LDS Marriage Arrangements

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LDS Church members often marry young, and an arranged marriage is not a part of their mainstream theology. Instead, young members date several people before selecting a spouse. Generally speaking, most fundamentalist Mormons oppose arranged marriages because they believe it violates the members' right to free agency. However, there are some exceptions to the rule. In some cases, young LDS members are forced to marry an arranged spouse.

Arrangements are not part of mainstream LDS theology

In mainstream LDS theology, arrangements are not considered part of the doctrine of the one true church. Although marriage is considered an important prerequisite for salvation, it is not a prerequisite for membership in the church. However, members of the FLDS are required to participate in supervised group dates, maintain relationships within the faith, and postpone having sex until after marriage.

They are not legal

One of the biggest problems with arranged marriages is that they are often coerced and can result in unfair pressure on the bride and groom. They can also result in a breakdown of integration within the community. There are even instances where brides and grooms are physically or mentally abused. Fortunately, there is help available. The nonprofit organization Unchained provides free legal and social services to women who are victims of arranged marriages. It also works to educate the public on the dangers of arranged marriages, and advocates for legislation to protect women.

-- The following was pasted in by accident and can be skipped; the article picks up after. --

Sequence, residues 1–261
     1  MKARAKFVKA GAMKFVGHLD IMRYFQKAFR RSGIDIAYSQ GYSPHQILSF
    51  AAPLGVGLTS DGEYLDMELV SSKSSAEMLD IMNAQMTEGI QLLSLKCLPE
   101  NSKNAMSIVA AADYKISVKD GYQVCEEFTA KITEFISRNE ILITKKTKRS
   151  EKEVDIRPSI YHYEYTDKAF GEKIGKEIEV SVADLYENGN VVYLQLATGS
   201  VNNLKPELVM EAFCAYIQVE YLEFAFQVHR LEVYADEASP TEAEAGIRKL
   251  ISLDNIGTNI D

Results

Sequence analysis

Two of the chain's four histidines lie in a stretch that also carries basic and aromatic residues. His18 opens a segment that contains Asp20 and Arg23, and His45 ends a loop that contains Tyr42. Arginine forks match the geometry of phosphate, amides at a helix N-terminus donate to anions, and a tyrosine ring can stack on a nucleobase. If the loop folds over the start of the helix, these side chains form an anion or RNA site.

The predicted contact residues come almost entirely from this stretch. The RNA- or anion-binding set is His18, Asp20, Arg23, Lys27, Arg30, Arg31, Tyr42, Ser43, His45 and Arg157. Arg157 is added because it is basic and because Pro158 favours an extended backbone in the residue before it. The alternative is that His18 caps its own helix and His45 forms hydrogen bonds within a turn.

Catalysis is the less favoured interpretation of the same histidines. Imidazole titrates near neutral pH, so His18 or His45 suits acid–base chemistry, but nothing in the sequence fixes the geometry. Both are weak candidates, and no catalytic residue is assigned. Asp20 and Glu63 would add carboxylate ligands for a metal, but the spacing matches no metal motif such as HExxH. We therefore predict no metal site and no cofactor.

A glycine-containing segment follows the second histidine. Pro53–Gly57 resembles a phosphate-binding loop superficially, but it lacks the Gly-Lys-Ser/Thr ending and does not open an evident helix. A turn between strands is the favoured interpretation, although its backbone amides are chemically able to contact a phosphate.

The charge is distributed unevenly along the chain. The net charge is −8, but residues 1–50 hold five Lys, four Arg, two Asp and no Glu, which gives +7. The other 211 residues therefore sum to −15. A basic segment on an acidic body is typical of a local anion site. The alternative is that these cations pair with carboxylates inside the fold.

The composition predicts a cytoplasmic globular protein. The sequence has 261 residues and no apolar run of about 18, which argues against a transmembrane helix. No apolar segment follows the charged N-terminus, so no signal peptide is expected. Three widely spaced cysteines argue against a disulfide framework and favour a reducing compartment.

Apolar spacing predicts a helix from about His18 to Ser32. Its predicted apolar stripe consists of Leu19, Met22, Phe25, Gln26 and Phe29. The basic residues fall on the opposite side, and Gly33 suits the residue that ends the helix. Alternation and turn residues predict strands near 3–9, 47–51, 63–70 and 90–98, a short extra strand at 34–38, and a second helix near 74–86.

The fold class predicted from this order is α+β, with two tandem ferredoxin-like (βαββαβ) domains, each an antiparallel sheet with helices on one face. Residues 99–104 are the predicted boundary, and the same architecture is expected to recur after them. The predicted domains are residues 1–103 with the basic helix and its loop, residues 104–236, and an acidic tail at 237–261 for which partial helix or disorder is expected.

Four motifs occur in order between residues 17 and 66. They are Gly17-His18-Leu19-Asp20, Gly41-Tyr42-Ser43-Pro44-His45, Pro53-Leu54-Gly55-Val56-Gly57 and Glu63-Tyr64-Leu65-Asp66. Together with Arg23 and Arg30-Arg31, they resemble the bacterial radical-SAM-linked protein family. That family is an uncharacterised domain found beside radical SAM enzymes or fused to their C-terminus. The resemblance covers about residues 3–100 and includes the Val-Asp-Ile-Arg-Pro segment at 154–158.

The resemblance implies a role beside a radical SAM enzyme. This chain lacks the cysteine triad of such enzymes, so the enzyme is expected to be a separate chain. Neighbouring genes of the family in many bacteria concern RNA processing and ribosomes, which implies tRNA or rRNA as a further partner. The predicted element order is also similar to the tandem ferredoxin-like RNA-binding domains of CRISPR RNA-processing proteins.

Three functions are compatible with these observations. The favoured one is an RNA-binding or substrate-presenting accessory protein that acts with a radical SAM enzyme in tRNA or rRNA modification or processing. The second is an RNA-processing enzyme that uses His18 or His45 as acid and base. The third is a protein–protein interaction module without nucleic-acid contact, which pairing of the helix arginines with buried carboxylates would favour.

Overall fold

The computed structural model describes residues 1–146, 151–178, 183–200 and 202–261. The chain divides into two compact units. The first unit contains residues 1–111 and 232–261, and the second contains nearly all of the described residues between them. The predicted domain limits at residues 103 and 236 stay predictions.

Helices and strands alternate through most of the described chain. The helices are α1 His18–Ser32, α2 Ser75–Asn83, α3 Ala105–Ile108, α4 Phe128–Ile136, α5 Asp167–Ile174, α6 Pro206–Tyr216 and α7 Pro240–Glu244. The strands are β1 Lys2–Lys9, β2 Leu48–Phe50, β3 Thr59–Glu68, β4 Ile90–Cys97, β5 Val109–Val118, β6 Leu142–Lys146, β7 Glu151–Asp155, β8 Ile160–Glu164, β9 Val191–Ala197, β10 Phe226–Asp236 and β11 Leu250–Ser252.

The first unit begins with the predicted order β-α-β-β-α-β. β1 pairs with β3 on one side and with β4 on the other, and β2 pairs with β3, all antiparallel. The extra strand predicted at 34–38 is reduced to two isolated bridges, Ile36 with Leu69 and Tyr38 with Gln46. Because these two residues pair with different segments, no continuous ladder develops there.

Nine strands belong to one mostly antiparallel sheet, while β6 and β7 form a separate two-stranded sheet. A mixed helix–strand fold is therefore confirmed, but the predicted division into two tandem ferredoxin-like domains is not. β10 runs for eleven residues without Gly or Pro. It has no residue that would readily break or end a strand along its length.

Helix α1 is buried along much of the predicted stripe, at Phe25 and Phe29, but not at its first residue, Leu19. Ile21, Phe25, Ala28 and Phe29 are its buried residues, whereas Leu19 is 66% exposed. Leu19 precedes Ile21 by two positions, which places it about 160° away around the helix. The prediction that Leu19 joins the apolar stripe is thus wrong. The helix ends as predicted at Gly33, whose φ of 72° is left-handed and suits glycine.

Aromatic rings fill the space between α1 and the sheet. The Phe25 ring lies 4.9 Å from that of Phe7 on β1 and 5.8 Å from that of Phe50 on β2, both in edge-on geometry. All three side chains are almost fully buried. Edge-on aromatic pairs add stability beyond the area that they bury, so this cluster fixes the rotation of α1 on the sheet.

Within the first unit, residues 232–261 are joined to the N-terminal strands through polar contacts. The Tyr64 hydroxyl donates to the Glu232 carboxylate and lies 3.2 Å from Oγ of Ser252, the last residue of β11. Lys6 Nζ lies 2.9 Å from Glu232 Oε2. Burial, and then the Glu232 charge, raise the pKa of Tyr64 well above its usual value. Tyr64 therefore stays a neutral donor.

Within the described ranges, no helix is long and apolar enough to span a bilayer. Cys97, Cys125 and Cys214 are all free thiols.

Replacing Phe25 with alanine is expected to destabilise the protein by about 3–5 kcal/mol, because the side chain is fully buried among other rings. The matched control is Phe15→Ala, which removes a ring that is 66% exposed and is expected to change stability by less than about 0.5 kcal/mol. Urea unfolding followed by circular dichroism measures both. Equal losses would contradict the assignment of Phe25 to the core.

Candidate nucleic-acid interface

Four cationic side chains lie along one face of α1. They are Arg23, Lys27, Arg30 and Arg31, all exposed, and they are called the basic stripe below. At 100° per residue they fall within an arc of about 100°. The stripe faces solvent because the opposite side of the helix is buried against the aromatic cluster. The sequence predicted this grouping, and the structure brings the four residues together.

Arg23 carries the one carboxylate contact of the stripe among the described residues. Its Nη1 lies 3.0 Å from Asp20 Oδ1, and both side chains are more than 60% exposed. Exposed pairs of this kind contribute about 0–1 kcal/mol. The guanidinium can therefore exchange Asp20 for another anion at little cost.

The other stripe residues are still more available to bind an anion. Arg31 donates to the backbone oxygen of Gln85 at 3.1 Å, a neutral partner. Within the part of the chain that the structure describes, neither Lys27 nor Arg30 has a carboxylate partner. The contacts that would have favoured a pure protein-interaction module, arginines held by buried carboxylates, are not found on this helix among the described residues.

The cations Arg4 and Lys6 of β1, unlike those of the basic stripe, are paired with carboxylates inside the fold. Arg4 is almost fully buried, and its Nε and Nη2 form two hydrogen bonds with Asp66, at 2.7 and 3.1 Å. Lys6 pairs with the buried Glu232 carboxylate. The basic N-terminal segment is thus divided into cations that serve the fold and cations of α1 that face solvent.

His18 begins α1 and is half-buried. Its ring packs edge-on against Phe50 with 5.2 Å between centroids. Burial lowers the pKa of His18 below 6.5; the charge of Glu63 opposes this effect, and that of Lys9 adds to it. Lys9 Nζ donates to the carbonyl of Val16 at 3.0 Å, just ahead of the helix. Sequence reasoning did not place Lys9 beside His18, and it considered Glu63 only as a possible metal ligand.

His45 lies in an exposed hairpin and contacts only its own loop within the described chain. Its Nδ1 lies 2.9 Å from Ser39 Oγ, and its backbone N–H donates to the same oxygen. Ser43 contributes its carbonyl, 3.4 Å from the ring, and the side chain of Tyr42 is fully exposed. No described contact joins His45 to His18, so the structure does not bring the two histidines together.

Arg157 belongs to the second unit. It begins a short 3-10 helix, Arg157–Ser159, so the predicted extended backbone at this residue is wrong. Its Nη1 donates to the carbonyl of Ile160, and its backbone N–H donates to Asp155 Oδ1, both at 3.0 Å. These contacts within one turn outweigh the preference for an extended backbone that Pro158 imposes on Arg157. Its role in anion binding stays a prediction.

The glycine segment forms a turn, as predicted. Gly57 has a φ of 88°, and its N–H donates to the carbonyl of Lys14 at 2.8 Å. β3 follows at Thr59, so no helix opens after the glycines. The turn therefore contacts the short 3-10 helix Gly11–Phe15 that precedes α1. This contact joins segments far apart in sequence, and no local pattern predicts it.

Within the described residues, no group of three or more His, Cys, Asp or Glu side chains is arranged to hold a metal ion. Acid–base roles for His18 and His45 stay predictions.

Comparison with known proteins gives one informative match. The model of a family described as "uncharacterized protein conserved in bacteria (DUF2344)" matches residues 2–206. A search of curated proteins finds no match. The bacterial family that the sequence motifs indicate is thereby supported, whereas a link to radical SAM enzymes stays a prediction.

Arranged marriages are legal, but they are not acceptable in some countries. Many cultures still practice them. The Department of State recognizes this and draws a clear line between an arranged marriage and a forced marriage. Arranged marriages are usually initiated by the families of both bride and groom. The bride and groom must agree to the arrangement. In many cultures, arranged marriages have been practiced for generations.

They are supervised by an imam

In Islamic LDs, arranged marriages are performed under the supervision of an imam. They are considered valid as long as both parties have given their consent. The process can be difficult for some young women who were raised in different faiths. However, it can also be an easy and simple process for others.

LDs are not compulsory and are often done on the advice of parents or guardians. Typically, parents and guardians introduce suitable partners to their children when it is time for marriage. These marriages usually involve long-term relationships between two families, a long-term friend, or a family member. Some children are aware that their parents have prearranged their marriage but are not aware that they were compelled to marry.